Spinal Infections

Spinal infections are fairly rare, but can affect the bones, discs or other parts of your back, including the space around your spinal cord.

Spinal infections are typically bacterial infections that are spread to the spine through the bloodstream — though fungal or viral infections can also occur. The most common cause of spinal infection is Staphylococcus aureus (staph infection), followed by E. coli bacteria.

Risk factors for spinal infections include:

  • A weakened or suppressed immune system.
  • Inadequate diet and nutrition.
  • Obesity.
  • Advanced age.
  • Long-term steroid use.
  • Intravenous drug abuse.
  • Some diseases, such as cancer and diabetes.

An infection can occur after spinal procedures or surgery, despite careful preventive measures. The risk for infection increases with longer duration surgeries, use of surgical implants or other medical devices, or repeated surgeries in the same area of the body. Postsurgical infections usually appear between three days and three months after surgery.

Some urology procedures — such as cystoscopy, a diagnostic procedure that uses a scope to examine the urinary tract — can also lead to spinal infection. Veins in the lower spine also drain blood from the pelvis, allowing bacteria from the bladder area to reach the spine.

Types of Spinal Infection

Spinal infections are classified by where the infection is located: the spinal column (backbone or spine), discs (discitis, and the spinal canal that surrounds the spine and nearby soft tissue. The most common types of infection include vertebral osteomyelitis (affecting spinal bones) and discitis.

A spinal epidural abscess is a less common type of spinal infection, but potentially life threatening if not treated early. It can be bacterial or fungal and may develop if infections elsewhere in the body — such as a urinary tract infection — spread through the bloodstream. This type of abscess can occur at any age, but is most common in people 50 and older.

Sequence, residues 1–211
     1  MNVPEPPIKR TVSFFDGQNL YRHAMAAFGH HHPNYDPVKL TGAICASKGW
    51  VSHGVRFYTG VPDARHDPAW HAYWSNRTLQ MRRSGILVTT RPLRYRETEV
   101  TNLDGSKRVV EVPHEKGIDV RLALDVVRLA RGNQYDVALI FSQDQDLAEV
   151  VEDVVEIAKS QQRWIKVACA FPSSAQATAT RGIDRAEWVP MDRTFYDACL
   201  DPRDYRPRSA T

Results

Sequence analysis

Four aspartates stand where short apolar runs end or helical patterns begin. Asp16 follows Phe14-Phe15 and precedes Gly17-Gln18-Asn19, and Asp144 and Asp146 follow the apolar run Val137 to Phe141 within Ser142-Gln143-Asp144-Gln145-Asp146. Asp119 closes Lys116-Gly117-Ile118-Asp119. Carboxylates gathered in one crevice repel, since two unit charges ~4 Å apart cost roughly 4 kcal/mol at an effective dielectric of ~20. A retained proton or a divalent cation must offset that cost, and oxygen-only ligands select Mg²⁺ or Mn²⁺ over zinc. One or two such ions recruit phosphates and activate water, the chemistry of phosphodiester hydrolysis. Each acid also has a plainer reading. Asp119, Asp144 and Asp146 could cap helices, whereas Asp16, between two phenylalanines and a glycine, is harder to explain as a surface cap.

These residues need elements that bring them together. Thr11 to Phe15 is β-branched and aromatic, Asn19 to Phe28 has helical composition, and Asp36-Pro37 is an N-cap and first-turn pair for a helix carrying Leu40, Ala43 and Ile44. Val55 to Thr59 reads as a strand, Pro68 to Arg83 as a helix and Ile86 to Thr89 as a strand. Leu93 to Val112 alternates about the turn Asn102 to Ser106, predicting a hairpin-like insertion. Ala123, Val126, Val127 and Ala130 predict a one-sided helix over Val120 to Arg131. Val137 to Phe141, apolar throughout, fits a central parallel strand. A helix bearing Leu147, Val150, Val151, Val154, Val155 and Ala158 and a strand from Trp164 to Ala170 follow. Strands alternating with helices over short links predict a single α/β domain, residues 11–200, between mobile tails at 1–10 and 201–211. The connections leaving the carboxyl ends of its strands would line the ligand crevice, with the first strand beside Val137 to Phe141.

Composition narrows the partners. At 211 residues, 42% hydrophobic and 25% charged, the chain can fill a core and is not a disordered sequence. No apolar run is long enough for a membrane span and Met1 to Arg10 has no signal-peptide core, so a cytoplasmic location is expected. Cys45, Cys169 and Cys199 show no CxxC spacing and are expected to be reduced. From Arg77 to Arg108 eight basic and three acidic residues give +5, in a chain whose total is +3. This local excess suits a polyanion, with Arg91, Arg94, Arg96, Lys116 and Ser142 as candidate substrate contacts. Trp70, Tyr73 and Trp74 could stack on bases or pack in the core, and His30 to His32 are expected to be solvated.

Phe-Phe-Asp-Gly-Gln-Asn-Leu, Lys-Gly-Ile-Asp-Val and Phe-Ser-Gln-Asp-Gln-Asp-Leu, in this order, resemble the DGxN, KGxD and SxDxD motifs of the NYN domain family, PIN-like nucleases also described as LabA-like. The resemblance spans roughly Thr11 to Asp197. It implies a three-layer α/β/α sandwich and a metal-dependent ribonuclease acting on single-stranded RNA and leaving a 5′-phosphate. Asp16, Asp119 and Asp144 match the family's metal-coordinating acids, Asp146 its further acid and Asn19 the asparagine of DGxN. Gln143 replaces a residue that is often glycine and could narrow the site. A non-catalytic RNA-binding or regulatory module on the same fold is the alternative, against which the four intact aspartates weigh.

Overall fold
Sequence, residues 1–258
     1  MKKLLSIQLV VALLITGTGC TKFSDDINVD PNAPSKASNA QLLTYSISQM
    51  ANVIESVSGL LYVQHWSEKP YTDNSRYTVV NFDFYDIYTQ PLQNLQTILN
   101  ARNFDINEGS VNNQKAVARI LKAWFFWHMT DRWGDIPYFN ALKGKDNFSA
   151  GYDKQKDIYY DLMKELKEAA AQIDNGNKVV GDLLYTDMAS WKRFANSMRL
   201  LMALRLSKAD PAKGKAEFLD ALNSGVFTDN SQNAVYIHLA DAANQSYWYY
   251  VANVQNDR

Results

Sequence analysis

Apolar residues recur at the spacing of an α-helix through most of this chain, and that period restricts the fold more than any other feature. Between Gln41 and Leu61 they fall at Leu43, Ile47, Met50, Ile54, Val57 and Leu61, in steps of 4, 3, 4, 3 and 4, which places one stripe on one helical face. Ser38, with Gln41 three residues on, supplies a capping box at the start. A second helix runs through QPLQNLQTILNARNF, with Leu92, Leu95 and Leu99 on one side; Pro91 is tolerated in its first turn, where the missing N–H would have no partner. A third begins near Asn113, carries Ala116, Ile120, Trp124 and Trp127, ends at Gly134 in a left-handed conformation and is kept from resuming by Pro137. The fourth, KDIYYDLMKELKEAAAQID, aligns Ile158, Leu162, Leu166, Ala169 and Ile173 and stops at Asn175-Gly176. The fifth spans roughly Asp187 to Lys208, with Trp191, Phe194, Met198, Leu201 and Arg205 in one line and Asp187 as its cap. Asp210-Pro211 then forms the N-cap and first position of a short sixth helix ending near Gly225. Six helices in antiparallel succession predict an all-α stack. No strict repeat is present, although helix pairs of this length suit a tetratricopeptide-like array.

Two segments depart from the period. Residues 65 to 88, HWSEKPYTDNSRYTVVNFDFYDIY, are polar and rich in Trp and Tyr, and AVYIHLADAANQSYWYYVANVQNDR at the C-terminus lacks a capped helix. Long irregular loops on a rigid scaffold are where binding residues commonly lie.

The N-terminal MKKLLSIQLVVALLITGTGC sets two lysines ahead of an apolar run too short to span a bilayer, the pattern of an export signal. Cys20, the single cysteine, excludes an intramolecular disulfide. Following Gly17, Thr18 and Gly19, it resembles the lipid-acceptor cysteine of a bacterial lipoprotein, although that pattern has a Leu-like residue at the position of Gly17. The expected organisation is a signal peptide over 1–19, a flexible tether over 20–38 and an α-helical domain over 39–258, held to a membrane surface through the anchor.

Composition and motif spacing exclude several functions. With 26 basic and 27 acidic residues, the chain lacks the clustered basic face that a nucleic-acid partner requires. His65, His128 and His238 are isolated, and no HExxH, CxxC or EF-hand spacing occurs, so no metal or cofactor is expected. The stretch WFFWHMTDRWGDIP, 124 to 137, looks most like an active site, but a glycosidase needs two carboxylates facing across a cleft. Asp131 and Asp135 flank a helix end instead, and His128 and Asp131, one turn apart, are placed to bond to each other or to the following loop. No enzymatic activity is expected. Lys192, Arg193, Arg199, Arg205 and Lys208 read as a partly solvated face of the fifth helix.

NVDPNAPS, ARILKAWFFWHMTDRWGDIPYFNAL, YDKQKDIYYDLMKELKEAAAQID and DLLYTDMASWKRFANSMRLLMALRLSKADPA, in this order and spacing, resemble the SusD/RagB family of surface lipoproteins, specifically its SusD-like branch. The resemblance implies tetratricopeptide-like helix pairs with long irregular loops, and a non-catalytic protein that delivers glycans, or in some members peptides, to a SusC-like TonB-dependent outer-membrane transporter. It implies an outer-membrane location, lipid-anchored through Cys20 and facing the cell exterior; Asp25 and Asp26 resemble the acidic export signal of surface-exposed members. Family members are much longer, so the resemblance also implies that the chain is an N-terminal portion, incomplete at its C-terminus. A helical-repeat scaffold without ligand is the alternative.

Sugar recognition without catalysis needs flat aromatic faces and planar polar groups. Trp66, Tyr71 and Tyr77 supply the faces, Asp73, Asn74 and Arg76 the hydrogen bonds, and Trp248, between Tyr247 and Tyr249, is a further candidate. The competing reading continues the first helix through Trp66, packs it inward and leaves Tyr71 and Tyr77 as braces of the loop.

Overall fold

You can lower your risk of infection by practicing good personal hygiene, maintaining a healthy lifestyle and taking antibiotics as directed by your doctor to prevent an antibiotic-resistant bacterial infection. To further lower your risk, avoid smoking — it weakens your immune system and makes you more vulnerable to infection.


Spinal infection symptoms vary depending on the cause and how quickly the infection spreads. An infection may develop slowly and eventually cause back stiffness, muscle spasms or pain in the area affected. Other symptoms that develop over time include fever, chills, headache, unexplained weight loss, and swelling, redness or warmth in the affected area.

In some instances, spinal infections cause neurological symptoms due to decreased function of the brain, spinal cord, muscles or nerves. These symptoms may include loss of balance, weakness, vision changes, or an inability to speak, feel or move.

Symptoms also will vary depending on the type of infection:

  • Postsurgical infection symptoms may include increased pain and redness around the incision, or pus, odor or fluid draining from the wound.
  • Spinal canal infection symptoms may include severe pain, muscle weakness, difficulty controlling bowel or bladder function, or even paralysis.
  • Soft-tissue infection symptoms may include pain in your side or abdomen, or pain that radiates to your hip or thigh.


Diagnostic X-rays, CT scans or MRIs — as well as other specialized testing, such as bone scans — can help doctors confirm a spinal infection. In cases of deep bone or disc infections, your doctor may perform a needle culture using localized anesthetic.

In addition, your doctor may take a blood culture, or a culture of the infected area, to identify an infection and the type of bacteria or fungus causing it. He or she may also use other blood tests — such as a white blood cell count or a C-reactive protein test — to look for signs of an infection.


Spinal infection treatments typically include oral and intravenous antibiotics, bracing to stabilize the spine as it heals and rest. If it’s a tuberculosis infection, a year of oral antibiotic treatment may be necessary.

In some instances, your doctor may recommend surgery to clean the area, remove infected tissues and stabilize the spine. Spinal fusion may be performed to address instability due to weakened or removed bones or tissue. The surgeon may implant a device, such as a supportive cage, to help prevent the injured area from moving while it heals.

Time to Return to Health